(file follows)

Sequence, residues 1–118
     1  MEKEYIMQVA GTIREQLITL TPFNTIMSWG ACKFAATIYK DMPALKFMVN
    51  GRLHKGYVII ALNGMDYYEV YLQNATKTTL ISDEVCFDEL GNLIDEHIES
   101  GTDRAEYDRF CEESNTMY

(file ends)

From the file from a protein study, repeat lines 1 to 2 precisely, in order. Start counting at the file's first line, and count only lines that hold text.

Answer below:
Sequence, residues 1–118
     1  MEKEYIMQVA GTIREQLITL TPFNTIMSWG ACKFAATIYK DMPALKFMVN